College - Old Dominion
Olympic Gold Medalist and Naismith Basketball Hall of Fame member Anne Donovan was introduced as the second head coach in Connecticut Sun history on January 3, 2013.
Donovan joined the Sun after spending three seasons as the head women’s basketball coach at Seton Hall University.
The first female coach to win a WNBA championship, Donovan stands fourth all time with 177 wins. She has coached 351 games, which ranks third all time.
Donovan’s first season with Connecticut, which ended with a 10-24 record, was ruined by injuries. Seven players missed a total of 78 games, and the Sun had a full roster of 11 players available for an entire game just twice. Even before the season started, Connecticut suffered unexpected losses as Asjha Jones decided to take the season off to let nagging injuries heal while Danielle McCray was lost for 2013 with a left Achilles tendon tear.
Donovan began her WNBA coaching career as the interim head coach with the expansion Indiana Fever in 2000, then spent two seasons (2001 and 2002) with the Charlotte Sting. In Charlotte, Donovan compiled a 36-28 record while leading the Sting to consecutive playoff appearances. In 2001, the team began 1-10 before executing one of the great turnarounds in league history, a 17-4 run and a trip to the WNBA Finals.
In 2003, Donovan began her first of five seasons with the Seattle Storm. During her tenure in Seattle, the Storm became on the most consistent winners in the league, racking up a 93-77 overall record four playoff appearances. In 2004, the Storm captured went all the way, defeating the Connecticut Sun 2-1 in the WNBA Finals as Donovan became the first female coach to win a league championship.
Donovan departed Seattle following the 2007 season but returned to the WNBA in 2009 as an assistant coach for the New York Liberty. Halfway through that season she became the interim head coach and spent the 2010 season on the sidelines as the head coach with the Liberty. Donovan wrapped up her tenure in New York with a record of 29-22 and a trip to the Eastern Conference Finals in 2010.
As a head coach, Donovan’s teams have consistently out-paced the rest of the WNBA on the offensive end of the court. In 10 seasons, her teams have bested the league average in points per game seven times, including six consecutive seasons (2002-2007).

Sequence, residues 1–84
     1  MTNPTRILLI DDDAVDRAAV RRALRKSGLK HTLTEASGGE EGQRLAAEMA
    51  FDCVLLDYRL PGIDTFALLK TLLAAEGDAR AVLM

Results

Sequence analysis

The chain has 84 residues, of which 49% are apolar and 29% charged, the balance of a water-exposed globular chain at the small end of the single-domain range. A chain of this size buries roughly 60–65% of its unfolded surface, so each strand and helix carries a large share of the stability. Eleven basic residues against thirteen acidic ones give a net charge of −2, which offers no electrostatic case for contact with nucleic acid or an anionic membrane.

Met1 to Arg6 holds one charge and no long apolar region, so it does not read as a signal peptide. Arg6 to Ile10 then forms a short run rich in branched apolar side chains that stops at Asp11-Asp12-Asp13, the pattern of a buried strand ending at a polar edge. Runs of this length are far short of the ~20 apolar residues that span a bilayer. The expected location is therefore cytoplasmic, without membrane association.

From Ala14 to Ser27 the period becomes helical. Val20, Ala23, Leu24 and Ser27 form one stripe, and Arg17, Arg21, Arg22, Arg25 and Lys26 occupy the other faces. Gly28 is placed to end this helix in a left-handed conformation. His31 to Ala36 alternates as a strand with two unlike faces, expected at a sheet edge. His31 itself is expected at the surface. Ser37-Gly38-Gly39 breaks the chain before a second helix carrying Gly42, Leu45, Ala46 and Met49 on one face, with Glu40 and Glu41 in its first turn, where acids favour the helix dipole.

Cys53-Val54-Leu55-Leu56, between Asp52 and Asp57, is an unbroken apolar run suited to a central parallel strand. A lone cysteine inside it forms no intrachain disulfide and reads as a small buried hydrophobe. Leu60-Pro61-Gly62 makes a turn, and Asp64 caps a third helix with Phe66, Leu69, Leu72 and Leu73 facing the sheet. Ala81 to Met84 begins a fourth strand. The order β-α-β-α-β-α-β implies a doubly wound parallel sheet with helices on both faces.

Just one of 10 athletes in USA Olympic history to be named to three or more U.S. Olympic Women’s Basketball Teams (1980, 1984 and 1988), Donovan won two gold medals (1984 and 1988). As a member of the U.S. National Team, Donovan was 52-7 and won seven gold medals and two silver medals in international competitions.
On January 12, 2006, Donovan was named head coach of the USA Basketball Women’s Senior National Team. During her time on the sidelines with USA Basketball as both a head coach and an assistant, she compiled a record of 132-10, including 57-6 at the helm from 2006-08. As a coach, Donovan accumulated five gold medals, including the 2008 Olympics in Beijing, three silver medals, one bronze medal and two tournament titles with USA Basketball. Following the team’s performance in Beijing, she was named the co-recipient, along with Mike Krzyzewski, of the 2008 USA Basketball National Coach of the Year award. Donovan is just the second woman to both coach and compete in an Olympic Games, joining Pat Summitt in that category.
Donovan’s coaching career began in the collegiate ranks, where she spent six seasons (1989-1995) as an assistant at Old Dominion University, her alma mater, before taking the head coaching position at East Carolina University in 1995. After the 1997-98 season, she departed East Carolina to guide the Philadelphia Rage of the American Basketball League.
As a student-athlete at Old Dominion, Donovan enjoyed a remarkable career. A three-time Kodak All-American (1981, 1982 and 1983) and two-time Academic All-American (1982 and 1983), she was the recipient of the Naismith Trophy as the national Player of the Year in 1983 and received a NCAA post-graduate scholarship that same year for her academic achievements. After helping the Monarchs win the 1980 AIAW National Championship, Donovan departed the Monarchs as the all-time leader in points (2,710) and rebounds (1,976) as well as blocks (801). Her blocks total stands as the most in a career in combined AIAW/NCAA history.
On May 15, 1995, Donovan was inducted into the Naismith Basketball Hall of Fame and in 1999 was one of 26 members of the inaugural class of inductees to the Women’s Basketball Hall of Fame. In addition to those honors, she is a member of the Virginia Sports Hall of Fame, the New Jersey Sports Hall of Fame, the CoSIDA Academic All-American Hall of Fame and the Hampton Roads Sports Hall of Fame. In 2004, Donovan was named the Sun Belt Conference’s All-Time Women’s Basketball Player and in 2008 she received both the NCAA 25-year Award and an honorary Doctorate from Old Dominion.
A native of Ridgewood, N.J., Donovan graduated from Paramus Catholic High School.